The most remarkable outcome of the “Look West” policy and dense diplomatic outreach of Prime Minister Modi in the region has been the perception of OIC, 57 member organization of the Muslim world. OIC summit invitation to India and participation of the then External Affairs Minister of India, Smt Sushma Swaraj in Abu Dhabi is the most successful outcome of the Indian “Look West” policy in the region as Pakistan has failed to influence the forum against India. Pakistan failed again to make OIC condemn the Indian government’s revoking the special status of Jammu and Kashmir under Article 370. Last week once again Pakistan asked for OIC foreign Ministers Meeting on Kashmir but has not been heeded by the organization, a marked victory of India’s policies, outreach and engagement in the region.

In brief, the “Look West” policy has perceptibly changed India’s position as a credible partner in the region. The policy has been successful across multiple rivalries of the region- Saudi Arabia and Iran, Turkey and Egypt, Qatar and UAE and Israel and Palestine with diplomatic acumen and sustained strategic prudence. The “Abraham Accord” announced on 13th August, 2020 between the two allies- Israel and UAE is an endorsement for the balanced “Look West” policy of India for peace and stability in the region. US strategic shift to Indo-pacific and growing Chinese expansion in the region has created a new Great power competition in the region. India needs to pursue the path of Multilateralism with sustained rounds of diplomatic outreach to the favourable social and political constituencies in the region and prudently use the leverages with Russia and USA to position itself as a credible power in the region in the emerging Asian Century World Order.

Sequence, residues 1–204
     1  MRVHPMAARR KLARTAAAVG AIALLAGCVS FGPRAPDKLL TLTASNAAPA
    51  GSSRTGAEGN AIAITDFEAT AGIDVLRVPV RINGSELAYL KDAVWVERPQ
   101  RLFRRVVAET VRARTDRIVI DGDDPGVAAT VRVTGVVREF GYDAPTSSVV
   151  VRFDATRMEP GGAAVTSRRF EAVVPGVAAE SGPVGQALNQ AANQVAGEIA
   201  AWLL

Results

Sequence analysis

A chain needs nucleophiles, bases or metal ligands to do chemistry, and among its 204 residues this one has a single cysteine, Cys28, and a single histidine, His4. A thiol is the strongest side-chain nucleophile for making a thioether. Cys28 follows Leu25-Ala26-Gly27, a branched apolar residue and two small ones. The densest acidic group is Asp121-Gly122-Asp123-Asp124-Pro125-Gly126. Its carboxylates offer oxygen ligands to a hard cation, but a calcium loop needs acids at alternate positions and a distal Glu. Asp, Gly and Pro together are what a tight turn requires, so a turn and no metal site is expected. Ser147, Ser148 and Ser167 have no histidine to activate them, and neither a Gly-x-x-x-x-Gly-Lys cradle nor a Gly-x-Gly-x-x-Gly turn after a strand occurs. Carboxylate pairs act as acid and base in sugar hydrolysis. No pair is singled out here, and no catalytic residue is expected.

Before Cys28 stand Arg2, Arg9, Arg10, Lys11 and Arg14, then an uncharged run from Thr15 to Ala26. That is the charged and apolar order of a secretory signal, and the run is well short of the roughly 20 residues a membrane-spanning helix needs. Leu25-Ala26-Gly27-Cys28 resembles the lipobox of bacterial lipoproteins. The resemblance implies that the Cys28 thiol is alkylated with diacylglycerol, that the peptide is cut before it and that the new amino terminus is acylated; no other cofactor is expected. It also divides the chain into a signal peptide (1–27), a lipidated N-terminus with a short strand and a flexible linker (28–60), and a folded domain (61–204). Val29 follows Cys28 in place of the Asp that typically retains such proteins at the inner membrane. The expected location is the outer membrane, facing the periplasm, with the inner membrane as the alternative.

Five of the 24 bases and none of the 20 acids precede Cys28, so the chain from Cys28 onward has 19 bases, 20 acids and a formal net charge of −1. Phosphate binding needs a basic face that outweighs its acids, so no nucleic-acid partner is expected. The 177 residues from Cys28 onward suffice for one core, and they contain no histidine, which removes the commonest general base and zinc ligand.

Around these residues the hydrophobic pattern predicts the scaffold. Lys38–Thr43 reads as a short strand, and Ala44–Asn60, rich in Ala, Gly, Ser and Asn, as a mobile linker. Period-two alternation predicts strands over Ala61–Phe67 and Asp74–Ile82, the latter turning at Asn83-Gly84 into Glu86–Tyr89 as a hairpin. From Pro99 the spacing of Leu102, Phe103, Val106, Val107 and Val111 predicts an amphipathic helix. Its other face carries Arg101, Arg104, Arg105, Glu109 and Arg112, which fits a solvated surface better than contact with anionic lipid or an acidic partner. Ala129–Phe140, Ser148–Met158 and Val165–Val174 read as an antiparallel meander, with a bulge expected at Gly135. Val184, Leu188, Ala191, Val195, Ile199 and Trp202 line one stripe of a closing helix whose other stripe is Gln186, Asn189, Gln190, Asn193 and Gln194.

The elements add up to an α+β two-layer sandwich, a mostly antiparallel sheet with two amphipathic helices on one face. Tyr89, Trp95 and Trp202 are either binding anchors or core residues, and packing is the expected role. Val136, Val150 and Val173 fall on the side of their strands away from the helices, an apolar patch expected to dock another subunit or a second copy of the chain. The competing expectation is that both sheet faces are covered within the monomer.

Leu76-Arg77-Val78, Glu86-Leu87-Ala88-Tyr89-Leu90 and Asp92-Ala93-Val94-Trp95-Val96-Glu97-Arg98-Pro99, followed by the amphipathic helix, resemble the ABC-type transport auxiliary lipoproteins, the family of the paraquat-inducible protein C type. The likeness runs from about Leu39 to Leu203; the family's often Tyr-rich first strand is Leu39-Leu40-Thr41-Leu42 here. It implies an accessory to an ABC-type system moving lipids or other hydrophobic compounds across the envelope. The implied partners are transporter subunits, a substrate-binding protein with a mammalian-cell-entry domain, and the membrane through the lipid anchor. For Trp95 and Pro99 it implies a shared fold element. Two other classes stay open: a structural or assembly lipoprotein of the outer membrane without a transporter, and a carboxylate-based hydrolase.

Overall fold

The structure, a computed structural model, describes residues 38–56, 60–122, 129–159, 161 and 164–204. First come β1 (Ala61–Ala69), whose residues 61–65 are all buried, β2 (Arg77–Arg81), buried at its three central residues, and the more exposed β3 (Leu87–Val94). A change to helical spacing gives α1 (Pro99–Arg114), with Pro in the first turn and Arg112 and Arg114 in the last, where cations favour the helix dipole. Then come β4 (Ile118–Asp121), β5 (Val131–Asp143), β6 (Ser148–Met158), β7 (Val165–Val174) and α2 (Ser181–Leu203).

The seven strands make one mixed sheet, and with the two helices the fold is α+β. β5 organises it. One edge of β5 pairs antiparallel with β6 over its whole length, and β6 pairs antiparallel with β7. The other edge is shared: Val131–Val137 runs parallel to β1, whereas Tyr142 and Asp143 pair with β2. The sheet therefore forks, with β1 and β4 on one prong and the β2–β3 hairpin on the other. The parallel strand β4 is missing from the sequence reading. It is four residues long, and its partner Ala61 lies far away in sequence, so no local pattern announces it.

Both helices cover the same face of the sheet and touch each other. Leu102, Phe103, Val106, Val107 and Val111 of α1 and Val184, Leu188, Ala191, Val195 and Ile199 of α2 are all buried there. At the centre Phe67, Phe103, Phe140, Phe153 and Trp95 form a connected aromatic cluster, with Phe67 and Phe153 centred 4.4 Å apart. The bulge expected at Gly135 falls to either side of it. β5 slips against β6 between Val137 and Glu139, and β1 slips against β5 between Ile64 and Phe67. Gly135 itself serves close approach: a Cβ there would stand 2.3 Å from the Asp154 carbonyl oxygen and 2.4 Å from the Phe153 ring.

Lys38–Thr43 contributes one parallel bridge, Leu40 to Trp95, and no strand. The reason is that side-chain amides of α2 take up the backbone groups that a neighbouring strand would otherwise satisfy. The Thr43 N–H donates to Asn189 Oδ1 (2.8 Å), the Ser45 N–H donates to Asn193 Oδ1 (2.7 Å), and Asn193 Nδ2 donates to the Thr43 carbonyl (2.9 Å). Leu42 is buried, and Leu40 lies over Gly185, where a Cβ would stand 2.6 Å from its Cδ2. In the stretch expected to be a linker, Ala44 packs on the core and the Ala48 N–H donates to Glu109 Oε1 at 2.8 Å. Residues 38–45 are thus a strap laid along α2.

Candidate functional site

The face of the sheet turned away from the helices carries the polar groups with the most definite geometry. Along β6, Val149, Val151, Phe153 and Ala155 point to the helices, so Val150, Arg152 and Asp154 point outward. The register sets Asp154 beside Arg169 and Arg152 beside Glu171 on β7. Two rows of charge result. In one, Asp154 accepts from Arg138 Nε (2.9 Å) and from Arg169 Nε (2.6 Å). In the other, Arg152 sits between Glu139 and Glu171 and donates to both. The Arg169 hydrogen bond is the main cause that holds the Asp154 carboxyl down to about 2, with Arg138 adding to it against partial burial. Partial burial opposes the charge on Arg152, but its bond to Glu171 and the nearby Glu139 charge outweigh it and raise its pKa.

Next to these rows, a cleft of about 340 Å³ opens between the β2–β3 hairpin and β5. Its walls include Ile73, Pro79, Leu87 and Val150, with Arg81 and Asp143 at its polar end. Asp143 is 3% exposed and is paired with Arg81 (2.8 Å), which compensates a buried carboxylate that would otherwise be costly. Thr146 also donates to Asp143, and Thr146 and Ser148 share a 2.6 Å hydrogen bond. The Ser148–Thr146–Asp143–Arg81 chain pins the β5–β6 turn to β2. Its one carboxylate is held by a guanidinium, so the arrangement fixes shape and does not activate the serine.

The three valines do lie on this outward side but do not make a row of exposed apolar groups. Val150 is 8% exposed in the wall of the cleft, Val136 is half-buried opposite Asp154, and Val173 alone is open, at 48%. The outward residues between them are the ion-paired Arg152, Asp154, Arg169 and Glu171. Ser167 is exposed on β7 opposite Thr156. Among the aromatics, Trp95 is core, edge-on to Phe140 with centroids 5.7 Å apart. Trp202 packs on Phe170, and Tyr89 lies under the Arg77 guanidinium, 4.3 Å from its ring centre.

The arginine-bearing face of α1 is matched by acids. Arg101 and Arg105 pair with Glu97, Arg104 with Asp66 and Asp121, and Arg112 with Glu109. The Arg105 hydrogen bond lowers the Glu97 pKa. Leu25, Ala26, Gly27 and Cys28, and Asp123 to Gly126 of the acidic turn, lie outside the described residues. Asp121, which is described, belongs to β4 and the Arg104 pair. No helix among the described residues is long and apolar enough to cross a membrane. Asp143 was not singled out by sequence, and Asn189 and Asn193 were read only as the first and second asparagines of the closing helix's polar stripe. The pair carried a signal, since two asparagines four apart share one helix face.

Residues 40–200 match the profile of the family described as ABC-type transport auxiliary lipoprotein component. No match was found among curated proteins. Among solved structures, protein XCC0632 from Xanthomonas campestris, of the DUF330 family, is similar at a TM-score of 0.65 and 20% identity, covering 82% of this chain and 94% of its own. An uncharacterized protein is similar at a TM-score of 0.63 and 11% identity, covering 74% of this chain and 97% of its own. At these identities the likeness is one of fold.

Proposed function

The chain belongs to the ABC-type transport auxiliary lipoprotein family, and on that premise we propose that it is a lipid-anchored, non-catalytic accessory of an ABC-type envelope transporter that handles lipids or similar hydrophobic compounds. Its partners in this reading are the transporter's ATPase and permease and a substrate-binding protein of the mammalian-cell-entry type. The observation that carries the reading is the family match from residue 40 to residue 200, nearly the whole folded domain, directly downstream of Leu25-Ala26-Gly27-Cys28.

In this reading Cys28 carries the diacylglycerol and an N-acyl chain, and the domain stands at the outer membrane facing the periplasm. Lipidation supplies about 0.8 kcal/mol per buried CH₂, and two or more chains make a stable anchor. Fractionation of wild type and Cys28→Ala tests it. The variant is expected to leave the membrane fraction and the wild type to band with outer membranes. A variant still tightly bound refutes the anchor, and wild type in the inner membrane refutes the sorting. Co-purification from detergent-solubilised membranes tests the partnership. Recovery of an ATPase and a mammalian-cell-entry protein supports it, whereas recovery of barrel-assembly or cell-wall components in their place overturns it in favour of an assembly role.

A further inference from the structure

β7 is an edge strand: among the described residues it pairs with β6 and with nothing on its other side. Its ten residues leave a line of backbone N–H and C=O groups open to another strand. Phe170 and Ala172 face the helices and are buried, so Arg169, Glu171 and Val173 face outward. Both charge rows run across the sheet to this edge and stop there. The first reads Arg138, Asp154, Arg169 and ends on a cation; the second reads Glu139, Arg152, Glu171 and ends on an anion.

Dr Khushnam PN
Dr Khushnam PN
Author is Independent IR & Regional Security Researcher and Analyst.